The second leg of Rooster Road Trip launches in the great state of Oklahoma
on November 14th
where bobwhite quail numbers have witnessed another year of booming increases thanks to timely precipitation and with it, enhanced habitat conditions for one of our favorite birds. Only a few short years ago, many resident and non-resident quail hunters had given up on the Sooner State. Fast-forward to 2016, and it has once again become a premier destination for bobwhite enthusiasts.
Having had the good fortune of hunting the Oklahoma quail opener last year on my own, the Rooster Road Trip crew is headed back to the land of sand and sage in pursuit of some of the most premier bobwhite quail hunting our nation has to offer for 2016. The statewide quail population is up nearly 40 percent over 2015
, and a whopping 44.6 percent over the historical, long-term average. As you can imagine, our anticipation for an Oklahoma opener of bountiful coveys and ecstatic hunters is high.
Here are a few facts about the Sooner State to take into consideration for your next quail hunt in the southern Great Plains:
Power of the Plum
Some of the best quail lands in the state are dominated by a mix of sand sagebrush, warm/cool season grasses, and the ultimate plant community favored by bobwhite quail in Oklahoma: Chickasaw plum (commonly referred to as sand plum)
. If I learned anything from my experiences in 2015, it would be to prepare yourself and the dog to pursue bobwhites in the rather large, thorny thickets of these wildlife-friendly shrubs.
If this vegetation is available to either a running or flushing covey of bobwhites, rest assured they will find it and test the limits of the hunter and his/her dog. Open ground cover underneath a canopy of twisted limbs and thorns puts the advantage back in the favor of the bobwhite. We will be focusing on plum thickets during our visit to Oklahoma, and I would highly recommend this habitat as a focal point for any hunter on a future road trip down south.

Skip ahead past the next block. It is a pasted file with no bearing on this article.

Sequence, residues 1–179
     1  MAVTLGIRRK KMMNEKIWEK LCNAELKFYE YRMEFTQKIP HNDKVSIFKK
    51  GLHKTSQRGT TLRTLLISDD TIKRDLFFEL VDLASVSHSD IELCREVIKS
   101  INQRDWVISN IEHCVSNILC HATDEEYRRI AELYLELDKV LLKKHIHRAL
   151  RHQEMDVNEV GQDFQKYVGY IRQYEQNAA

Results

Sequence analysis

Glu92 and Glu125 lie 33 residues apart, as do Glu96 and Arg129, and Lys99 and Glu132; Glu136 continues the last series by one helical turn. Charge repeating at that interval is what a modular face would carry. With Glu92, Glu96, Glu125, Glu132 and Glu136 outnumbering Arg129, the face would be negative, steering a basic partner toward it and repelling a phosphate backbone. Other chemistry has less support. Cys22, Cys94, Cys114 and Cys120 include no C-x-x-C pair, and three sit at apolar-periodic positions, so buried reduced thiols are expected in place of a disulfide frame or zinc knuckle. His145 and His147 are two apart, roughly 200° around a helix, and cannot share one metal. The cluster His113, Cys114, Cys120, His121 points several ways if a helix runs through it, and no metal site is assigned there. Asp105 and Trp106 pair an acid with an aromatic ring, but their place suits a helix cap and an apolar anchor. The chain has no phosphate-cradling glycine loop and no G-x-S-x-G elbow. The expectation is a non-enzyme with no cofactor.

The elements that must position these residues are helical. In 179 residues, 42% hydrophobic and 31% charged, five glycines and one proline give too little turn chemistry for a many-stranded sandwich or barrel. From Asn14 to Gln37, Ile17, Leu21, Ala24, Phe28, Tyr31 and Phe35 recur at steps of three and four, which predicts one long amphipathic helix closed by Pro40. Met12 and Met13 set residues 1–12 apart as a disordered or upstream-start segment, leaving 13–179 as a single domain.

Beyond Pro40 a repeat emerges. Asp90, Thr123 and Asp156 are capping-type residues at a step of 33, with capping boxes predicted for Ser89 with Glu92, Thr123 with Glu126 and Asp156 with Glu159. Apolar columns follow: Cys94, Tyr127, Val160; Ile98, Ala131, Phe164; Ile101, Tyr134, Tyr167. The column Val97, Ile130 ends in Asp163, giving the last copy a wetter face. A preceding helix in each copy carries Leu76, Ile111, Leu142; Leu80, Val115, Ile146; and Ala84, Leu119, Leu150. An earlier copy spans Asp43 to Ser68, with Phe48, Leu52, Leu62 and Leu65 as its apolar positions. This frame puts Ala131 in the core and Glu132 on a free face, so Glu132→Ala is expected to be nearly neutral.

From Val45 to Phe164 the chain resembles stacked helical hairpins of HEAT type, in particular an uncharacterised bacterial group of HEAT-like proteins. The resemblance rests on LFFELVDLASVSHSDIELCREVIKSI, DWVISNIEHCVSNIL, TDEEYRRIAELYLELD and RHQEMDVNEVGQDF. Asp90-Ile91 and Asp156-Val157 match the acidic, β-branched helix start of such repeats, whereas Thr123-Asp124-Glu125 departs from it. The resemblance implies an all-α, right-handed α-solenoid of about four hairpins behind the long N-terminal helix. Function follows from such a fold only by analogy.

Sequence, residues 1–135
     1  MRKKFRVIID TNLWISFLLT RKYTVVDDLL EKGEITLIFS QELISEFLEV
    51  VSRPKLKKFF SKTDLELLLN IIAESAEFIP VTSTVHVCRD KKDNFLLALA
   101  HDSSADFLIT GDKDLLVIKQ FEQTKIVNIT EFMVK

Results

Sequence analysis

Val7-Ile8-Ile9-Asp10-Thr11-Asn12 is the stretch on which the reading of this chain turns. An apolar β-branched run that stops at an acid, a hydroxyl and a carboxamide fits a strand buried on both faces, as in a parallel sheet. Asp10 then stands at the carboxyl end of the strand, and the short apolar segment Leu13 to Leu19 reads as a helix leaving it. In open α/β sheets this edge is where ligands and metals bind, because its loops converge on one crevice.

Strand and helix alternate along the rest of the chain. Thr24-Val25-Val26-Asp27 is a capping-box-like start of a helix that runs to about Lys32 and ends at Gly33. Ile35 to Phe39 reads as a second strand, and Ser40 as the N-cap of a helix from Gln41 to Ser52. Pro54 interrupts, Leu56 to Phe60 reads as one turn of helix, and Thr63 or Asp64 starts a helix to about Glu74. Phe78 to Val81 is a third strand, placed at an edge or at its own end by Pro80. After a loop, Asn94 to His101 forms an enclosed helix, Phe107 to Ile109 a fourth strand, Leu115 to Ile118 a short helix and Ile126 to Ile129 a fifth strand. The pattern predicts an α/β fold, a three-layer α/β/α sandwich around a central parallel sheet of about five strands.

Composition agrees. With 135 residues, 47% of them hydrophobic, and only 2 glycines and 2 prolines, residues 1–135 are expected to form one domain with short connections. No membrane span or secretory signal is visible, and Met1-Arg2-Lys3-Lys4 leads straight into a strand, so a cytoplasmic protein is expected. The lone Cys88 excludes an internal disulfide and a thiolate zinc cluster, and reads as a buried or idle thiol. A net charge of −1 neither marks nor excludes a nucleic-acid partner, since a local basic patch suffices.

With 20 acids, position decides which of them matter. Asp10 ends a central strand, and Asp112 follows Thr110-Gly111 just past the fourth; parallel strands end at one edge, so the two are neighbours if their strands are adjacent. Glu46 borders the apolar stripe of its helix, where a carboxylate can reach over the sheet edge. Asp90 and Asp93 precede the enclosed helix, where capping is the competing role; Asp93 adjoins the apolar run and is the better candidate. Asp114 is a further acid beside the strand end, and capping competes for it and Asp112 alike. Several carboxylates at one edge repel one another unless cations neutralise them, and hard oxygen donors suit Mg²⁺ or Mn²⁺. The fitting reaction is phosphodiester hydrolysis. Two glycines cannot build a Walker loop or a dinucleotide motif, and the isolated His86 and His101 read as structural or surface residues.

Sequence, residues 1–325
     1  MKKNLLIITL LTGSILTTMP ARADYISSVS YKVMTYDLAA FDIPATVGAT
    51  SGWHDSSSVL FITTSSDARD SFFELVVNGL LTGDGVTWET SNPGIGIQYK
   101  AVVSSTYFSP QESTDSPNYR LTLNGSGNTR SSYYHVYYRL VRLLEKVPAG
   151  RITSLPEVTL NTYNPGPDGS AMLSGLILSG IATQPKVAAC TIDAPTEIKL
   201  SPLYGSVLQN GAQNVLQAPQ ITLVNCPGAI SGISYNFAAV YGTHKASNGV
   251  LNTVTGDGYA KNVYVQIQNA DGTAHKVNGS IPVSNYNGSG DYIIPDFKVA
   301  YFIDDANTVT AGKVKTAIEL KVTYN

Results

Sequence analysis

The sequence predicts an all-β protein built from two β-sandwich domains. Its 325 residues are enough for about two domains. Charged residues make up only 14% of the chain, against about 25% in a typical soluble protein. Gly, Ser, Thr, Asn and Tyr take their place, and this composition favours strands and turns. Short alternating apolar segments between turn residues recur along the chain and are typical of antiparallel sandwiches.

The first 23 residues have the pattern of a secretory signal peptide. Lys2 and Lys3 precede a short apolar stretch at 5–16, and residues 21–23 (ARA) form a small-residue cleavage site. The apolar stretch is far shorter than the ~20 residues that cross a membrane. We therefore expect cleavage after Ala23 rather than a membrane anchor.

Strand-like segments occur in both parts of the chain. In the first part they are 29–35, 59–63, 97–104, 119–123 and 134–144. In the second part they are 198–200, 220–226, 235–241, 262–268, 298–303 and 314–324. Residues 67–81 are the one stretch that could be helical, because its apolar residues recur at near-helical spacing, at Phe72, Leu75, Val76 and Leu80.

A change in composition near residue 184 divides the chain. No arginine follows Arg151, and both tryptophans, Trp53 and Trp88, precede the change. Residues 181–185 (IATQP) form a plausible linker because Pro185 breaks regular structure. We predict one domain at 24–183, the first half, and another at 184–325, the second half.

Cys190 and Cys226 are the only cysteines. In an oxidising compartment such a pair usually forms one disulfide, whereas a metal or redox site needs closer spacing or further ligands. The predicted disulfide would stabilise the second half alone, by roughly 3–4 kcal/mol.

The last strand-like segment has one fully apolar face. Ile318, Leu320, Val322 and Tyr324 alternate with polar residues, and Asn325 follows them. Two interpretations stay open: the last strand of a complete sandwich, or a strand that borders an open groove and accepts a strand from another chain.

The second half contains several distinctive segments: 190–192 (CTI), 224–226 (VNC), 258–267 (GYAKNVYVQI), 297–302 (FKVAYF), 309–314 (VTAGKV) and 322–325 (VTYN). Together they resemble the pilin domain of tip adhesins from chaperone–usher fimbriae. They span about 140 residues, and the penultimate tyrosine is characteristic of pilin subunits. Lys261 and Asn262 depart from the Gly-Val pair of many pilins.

A Helping Hand for Public Lands
Anyone who has hunted quail in Oklahoma is well aware that public lands are highly sought after due to the following statistic: 95.4% of the state is privately owned, leaving a mere 4.6% for public recreation. The Rooster Road Trip crew members are expecting a large contingent of public land hunters around opening weekend, so we will be making an early morning entrance to our public area of choice in hopes of securing our own “quail trail.”
Although this statistic might seem overwhelming for the many thousands of resident and non-resident hunters using public lands in Oklahoma, outdoorsmen and women have more public land options coming in the near future thanks to the Voluntary Public Access and Habitat Improvement Program. In the fall of 2015, the Oklahoma Department of Wildlife Conservation landed a $2.26 million Farm Bill grant
to pilot a brand new Walk-in Hunting Access program in the state. With intentions to model the program after Kansas’ Walk-in program (arguably one of the best in the country) and Texas’ leasing regime, Oklahoma quail hunters – all public land users really – will have a big reason to be excited in the near future for public land opportunities throughout the state starting in 2017.
Logging the Miles
A recipe for success when hunting highly pressured bobwhite coveys in Oklahoma is this: take the path less traveled. Studies by Oklahoma State University on specific Wildlife Management Areas have shown that as the hunting season builds pressure on the birds, bobwhite coveys are actually avoiding roadsides used by hunters and their vehicles. With a large percentage of quail hunters parking on the road and making a quarter or half-mile turnout with the dogs, bobwhite coveys have moved farther into public areas in an effort to avoid encounters with people.
Due to Oklahoma Wildlife Management Areas consisting of thousands of acres per property in most cases, quail hunters should plan accordingly and be prepared to burn through boot leather in order to observe better wingshooting opportunities this fall.
Rules, Regs and Licensing
Quail Forever’s Impact in Oklahoma
- Quail Hunting Season: November 12, 2016 through February 15, 2017 (bobwhite and scaled quail)
- Shooting Hours: Official sunrise to official sunset
- Daily Limits: 10 bobwhite quail per day
- Non-resident Licensing: $142 covers the 2016 season, or $176 covers the entire fiscal-year.
*** Quail Forever chapters allocate much of their resources to the Oklahoma Department of Conservation for management of public lands dedicated to quail conservation.
Follow Rooster Road Trip 2016
- Quail Forever Chapters: 11
- Quail Forever Members: 1,095
- Habitat projects completed in Oklahoma: 8 projects
- Total habitat acres improved in Oklahoma: 3,799 acres***
– Daily contests, highlight videos and photo galleries / www.facebook.org/pheasantsforever
Rooster Road Trip 2016
– Blog posts and reports / www.pheasantsforever.org/Rooster-Road-Trip.aspx
– Real time updates / www.twitter.com/pheasants4ever
– Feature photos from the field / www.instagram.com/pheasants_forever
Jared Wiklund is Pheasants Forever & Quail Forever’s Public Relations Manager. Follow Jared on Twitter @Wiklund247 or email him at email@example.com.
Photo credits: Main image and second image - Josh Preissner; First image - Josh Dahlstrom